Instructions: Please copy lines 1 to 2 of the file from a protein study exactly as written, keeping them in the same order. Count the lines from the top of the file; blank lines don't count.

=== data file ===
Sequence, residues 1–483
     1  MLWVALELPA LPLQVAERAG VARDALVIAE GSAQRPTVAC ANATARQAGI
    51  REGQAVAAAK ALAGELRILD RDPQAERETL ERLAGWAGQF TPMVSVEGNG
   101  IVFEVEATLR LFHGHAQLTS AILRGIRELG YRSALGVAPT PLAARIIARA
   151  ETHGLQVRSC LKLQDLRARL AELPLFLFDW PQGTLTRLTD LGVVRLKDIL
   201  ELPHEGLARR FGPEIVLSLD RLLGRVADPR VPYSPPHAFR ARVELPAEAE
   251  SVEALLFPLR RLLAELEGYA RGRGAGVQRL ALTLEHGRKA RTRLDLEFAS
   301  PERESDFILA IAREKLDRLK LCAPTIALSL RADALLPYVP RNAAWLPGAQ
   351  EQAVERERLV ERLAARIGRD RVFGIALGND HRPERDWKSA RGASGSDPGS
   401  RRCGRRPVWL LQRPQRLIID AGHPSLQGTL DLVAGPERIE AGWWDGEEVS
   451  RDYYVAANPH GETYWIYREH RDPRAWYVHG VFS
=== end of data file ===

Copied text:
Sequence, residues 1–483
     1  MLWVALELPA LPLQVAERAG VARDALVIAE GSAQRPTVAC ANATARQAGI